• Morning arifmvega: Interesting comparison. Brings an image to mind of them all gathered around facing a suitcase full of large bills singing vespers. Gracias, Jules

  10. Great post as always. Love Hallelujah by LC.
    AND Jeanne’s gel art is absolutely beautiful! Mesmerizing.
    Merry Christmas Jeanne and OJ 😀

  11. Jeanne’s pen drawing is mesmerizing. What a wonderful talent! As for your thoughts, hope all your readers pick up on the idea of Peace, Love, and Understanding as their goals for the season and the year ahead.

  12. Great drawing; great thoughts. Hooray for Jeanne. I’m not much on Christmas myself. Seems wrong for a bunch of reasons. I go through the motions as requested for the family, you know.
    I like a little solitude on Christmas. I get nothing out of the way most celebrate Christmas so I try to do it my way for me. I like to spend time outside in the morning; thinking and contemplating the quiet of Christmas morning. I don’t mind visiting but I prefer quite small groups and small personal gifts. I detest Turkey Dinner on Christmas as I just had one on Thanksgiving. I would prefer something more ancient as I tend toward very simple things and old values and rituals etc.
    I’m just a dreamer who got caught inside Robin Hood, Lord of the Rings,Jim Kjeilgard books and Shogun; I guess.
    Anyway; have a great Holiday or day of contemplation as you wish and I wish you and yours Peace

  13. Pretty drawing, Jeanne.

    The Greeks learned a lot of what they knew from the Egyptians. Which a lot of people don’t remember. I also find it interesting how Dec. 25th was the birthday of Mithras before it was the supposed birthday of Jesus. I think the problem I have with the notion of “peace” is that it is an internal state. Like “love,” it is experiential on an internal plane, rather than being an external state. I think the notion of “world peace” is utopian, therefore, being that Nature is made up of things, as you mention, like life AND death, hierarchy, and consumption of life (life coming from death.) To me that is balanced and beautiful, but many have said to me I am weird. I’m cool with that. I get my own peace from Nature. I hope you have peace, too.

    I guess I’ll sum up by saying Death is a beautiful transition, not be be feared, and you are right on in your observations that most of what plagues mankind is the collective fear of death combined with a quest for the immortality of the ego.

    I welcome the death of the industrial age, and all of the evil it has brought us. It is time for some perspective on the part of humanity, and sometimes a dark age has it’s merits in what it teaches, what it forces, and what it leaves in its wake. Evolution happens as a result of crisis. Nothing changes unless it has to.

    I have a rooster named Leonard Crowin’. He has a nice voice. He’s a Cuckoo Maran. Sweet fellow. Needs to show a little influence to the commie hen that won’t come in, except now he stays in the tree with her. Guess he’s doing his job.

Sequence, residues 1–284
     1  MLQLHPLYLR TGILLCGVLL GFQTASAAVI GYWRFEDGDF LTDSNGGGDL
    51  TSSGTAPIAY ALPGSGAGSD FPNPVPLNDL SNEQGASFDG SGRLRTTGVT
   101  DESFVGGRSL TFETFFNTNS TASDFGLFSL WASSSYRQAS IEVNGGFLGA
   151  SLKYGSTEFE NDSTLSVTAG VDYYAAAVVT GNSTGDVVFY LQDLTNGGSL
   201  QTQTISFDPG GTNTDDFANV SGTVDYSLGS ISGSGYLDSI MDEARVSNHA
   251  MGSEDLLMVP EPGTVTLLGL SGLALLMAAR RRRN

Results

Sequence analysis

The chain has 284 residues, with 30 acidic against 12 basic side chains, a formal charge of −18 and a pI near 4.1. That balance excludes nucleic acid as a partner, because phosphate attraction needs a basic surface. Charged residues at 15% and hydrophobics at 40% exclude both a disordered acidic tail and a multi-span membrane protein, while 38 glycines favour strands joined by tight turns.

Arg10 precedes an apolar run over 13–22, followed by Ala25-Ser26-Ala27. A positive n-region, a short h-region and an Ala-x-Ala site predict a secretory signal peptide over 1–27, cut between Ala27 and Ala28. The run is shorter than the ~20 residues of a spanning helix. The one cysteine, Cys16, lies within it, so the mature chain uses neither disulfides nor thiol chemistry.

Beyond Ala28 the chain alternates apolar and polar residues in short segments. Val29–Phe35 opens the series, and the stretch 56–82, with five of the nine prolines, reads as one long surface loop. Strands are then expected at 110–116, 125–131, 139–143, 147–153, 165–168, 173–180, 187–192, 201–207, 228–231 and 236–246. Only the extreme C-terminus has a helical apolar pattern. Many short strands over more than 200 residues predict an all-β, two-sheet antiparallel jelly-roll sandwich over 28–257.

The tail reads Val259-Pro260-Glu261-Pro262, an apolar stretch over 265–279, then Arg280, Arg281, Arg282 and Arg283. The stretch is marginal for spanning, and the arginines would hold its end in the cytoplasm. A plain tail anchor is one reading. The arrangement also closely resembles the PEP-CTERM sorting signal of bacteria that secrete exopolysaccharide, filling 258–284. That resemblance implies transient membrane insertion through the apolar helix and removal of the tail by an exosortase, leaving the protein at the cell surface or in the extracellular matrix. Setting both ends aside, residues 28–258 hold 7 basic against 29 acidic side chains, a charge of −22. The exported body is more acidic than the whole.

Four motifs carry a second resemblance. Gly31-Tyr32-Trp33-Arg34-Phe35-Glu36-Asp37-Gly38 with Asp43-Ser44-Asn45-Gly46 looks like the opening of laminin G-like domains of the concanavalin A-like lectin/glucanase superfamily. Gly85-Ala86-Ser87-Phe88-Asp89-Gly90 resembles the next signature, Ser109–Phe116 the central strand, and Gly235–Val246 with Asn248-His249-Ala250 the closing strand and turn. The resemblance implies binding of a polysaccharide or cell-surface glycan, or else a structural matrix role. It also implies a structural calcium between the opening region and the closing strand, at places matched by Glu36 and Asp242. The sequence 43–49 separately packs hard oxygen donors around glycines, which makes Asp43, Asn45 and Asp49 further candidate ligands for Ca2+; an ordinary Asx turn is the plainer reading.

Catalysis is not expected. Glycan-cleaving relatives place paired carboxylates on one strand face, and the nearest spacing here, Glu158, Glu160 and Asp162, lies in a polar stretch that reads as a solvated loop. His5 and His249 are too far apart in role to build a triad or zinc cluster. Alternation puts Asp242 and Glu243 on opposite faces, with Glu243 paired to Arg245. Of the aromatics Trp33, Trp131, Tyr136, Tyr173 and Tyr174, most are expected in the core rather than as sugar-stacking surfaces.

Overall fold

• ejalvey: I wrote a long response just now, seemed fairly humorous as I typed it, involving Leonard Crowin’ and the death of the industrial revolution. But when I clicked reply the machine took me elsewhere and the post vanished. Maybe it will show back up, maybe not, but if not I suppose there’s time in the future for Leonard Crowin’. No doubt in my mind he’s going to get some of my attention in words. Gracias, Jules

      • Oh, well, shoot. It happens.

        Look forward to hearing from you! Poor Leonard had to spend some days inside with us for TLC. The Boodle (our LGD) got hold of him and ripped out his long tail and wing feathers. Thankfully we stopped her before more damage was done. However, I can testify that having a rooster inside does make one appreciate having them outside, despite the fine quality of his voice.

    • I will agree that what has humanity all twisted up is the fear of death not death itself; even if they are not aware of it.
      I always say that Death doesn’t worry me. it’s that long period of pain and suffering that so often comes before that scares crap out of me.
      “World Peace is Eutopian”
      Yes I think so. World Peace is an absolute like “Perfect”; it will never be attained but what I do believe we can achieve is a country where peace is the norm. A country that sets the mark for others to learn to care for their people and stay out of others business. Where we don’t feel the need to police the world. If we can change the goals; change the approach; and change from sending our troops to sending real help for people; we would i am sure find that many of our foreign worries would end.
      If we stop lying about being the worlds friend and start acting like the worlds real friend; the vast population of normal people (as opposed to politicians,and others seeking power) would respond positively and begin to see us as true friend and an example of how much can be achieved if we all work together.
      World peace may be an absolute; Eutopian idea but that is no reason for us to give up on getting as close to it a we can.

      • angrymanspeaks: I suppose it boils down to a person paying close attention to what he/she’s doing and trying to stay between the fences, doing whatever seems to be the best path. All the things you’ve described are worthy goals, I acknowledge. But the we you are referring to is a boundary that shifts and travels around, sometimes including one sized group, sometimes a larger one, sometimes a smaller one. The composite of whatever’s inside the ‘we’ might manage to do something in the direction you’re describing, but there are a lot of other ‘we’ segments out there, larger and smaller, doing their own influencing and trying to overbalance whatever’s happening in favor of their own goals.

        I wouldn’t know how to begin to change that.

        Glad for your visit. Jules

    • Well, thank you sir, that was actually several weeks ago and he is back in the barnyard. In fact, I’m on my way out right now in the dark to pick him out of the tree and put him inside, along with the commie hen, and the few others she has now corrupted. I think they enjoy it. (hope this ends up in the right spot on the thread!)

  14. Jeanne, I just had to make your drawing my PC desktop….it’s awesome….Merry Christmas to you and yours..Peace, Light & Love…

  15. Tel Jeanne that is a wonderful, wonderful drawing. I love it. Peace to you Old J

    • Thanks apocalypseicons: Peace is something I have a plethora of. Glad you came by this morning. If there’s any peace deficit in your life you’re welcome to some of mine. Gracias, Jules

  16. Wise words, indeed. Well said, as always, Jules.

  17. I would like to Wish you Happy Christmas and wonderful years ahead 🙂

  18. Love the Christmas greetings and inspiration here. And love that gel ink drawing by Jeanne..very beautiful. Thank you.

    That song is one of my all time favorites…hits me right in the heart chakra!

    Gayle